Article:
Police officers stand guard outside Rawalpindi Cricket Stadium in Rawalpindi, Pakistan, September 17 2021. Picture: REUTERS/WASEEM KHAN
Police officers stand guard outside Rawalpindi Cricket Stadium in Rawalpindi, Pakistan, September 17 2021. Picture: REUTERS/WASEEM KHAN

England have withdrawn their men’s and women’s teams from October’s tour of Pakistan, the country’s cricket board said on Monday, three days after New Zealand abandoned their tour of the country amid security concerns.

The England teams were each scheduled to play two Twenty20 international matches on October 13 and 14 in Rawalpindi, with the women’s side due to stay on for a three-match one-day international series from October 17-21.

“The ECB [England Cricket Board] convened this weekend to discuss these extra women’s and men’s games in Pakistan and we can confirm that the board has reluctantly decided to withdraw both teams from the October trip,” the ECB said in a statement.

“The mental and physical wellbeing of our players and support staff remains our highest priority and this is even more critical given the times we are currently living in.

“We know there are increasing concerns about travelling to the region and believe that going ahead will add further pressure to a playing group who have already coped with a long period of operating in restricted Covid environments.”

The ECB added that the men’s team touring under such conditions would not be ideal preparation for the Twenty20 World Cup that begins next month.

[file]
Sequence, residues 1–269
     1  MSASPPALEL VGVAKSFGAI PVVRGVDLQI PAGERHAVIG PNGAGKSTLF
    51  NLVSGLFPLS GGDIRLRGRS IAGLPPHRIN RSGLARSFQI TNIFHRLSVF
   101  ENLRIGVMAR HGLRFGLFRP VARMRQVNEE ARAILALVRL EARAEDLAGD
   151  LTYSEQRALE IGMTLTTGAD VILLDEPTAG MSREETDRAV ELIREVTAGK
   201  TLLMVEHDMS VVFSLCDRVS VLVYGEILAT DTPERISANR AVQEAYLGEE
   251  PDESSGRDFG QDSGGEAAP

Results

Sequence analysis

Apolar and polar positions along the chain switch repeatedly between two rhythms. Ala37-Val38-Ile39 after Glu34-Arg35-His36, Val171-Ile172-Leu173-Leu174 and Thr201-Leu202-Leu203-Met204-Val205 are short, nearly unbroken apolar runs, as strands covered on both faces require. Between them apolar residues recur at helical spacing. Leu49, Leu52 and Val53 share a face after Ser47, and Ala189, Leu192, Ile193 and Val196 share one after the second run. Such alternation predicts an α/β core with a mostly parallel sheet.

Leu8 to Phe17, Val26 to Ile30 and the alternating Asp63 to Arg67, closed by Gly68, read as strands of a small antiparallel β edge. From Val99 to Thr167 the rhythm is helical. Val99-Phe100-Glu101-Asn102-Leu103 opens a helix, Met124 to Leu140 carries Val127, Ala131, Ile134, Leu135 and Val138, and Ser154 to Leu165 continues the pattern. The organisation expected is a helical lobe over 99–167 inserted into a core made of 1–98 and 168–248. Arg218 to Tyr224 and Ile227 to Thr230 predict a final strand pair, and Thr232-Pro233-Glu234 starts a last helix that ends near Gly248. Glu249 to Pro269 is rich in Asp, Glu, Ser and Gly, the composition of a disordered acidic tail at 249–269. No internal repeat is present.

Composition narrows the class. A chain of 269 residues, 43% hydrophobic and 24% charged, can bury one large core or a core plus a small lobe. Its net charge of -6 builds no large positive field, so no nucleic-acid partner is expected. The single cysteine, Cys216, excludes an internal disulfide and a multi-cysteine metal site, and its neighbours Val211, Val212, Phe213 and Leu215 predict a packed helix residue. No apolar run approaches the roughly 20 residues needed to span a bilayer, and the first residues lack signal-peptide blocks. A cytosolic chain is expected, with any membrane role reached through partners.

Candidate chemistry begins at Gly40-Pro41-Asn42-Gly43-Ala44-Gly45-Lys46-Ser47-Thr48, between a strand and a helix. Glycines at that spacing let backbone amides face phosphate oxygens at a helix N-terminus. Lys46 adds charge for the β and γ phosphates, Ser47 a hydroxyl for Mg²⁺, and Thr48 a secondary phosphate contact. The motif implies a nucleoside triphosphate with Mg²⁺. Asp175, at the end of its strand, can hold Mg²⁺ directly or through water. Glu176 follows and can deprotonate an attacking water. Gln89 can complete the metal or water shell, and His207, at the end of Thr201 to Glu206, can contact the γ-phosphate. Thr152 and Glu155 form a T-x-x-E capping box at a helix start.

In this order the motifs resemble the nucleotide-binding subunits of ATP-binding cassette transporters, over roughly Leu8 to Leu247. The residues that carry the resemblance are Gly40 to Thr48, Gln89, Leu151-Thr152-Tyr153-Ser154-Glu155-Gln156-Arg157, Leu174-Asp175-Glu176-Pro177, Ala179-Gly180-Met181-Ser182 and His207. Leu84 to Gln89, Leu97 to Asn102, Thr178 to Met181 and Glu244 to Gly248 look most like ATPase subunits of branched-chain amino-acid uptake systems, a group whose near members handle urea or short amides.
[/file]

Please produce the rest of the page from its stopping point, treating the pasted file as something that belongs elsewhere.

“We understand that this decision will be a significant disappointment to the PCB [Pakistan Cricket Board], who have worked tirelessly to host the return of international cricket in their country,” it said.

“We are sincerely sorry for the impact this will have on cricket in Pakistan and emphasise an ongoing commitment to our main touring plans there for 2022.”

PCB chair Ramiz Raja said he was disappointed with the ECB’s decision but added that the Pakistan team would “survive”.

“Disappointed with England, pulling out of their commitment and failing a member of their cricket fraternity when it needed it most,” Raja wrote on Twitter. “A wake up call for Pakistan team to become the best team in the world for teams to line up to play them without making excuses.”

New Zealand abruptly abandoned their tour of Pakistan on Friday citing a security alert, in a huge blow to the South Asian country’s hopes of staging regular international cricket.

The tour was due to get under way with the first of three one-dayers in Rawalpindi on Friday but the New Zealand team did not travel to the stadium.

New Zealand Prime Minister Jacinda Ardern backed New Zealand Cricket’s decision to end the tour.

International teams have largely refused to tour Pakistan since an attack by Islamist militants on the Sri Lanka team bus in Lahore in 2009 that killed six policemen and two civilians.

There are fears that New Zealand’s decision to go home will keep them away and Australia, who are scheduled to visit in February-March next year, also appear wary.

A Cricket Australia spokesperson said the organisation was monitoring the situation and would “talk with the relevant authorities once more information becomes known”.

Reuters 

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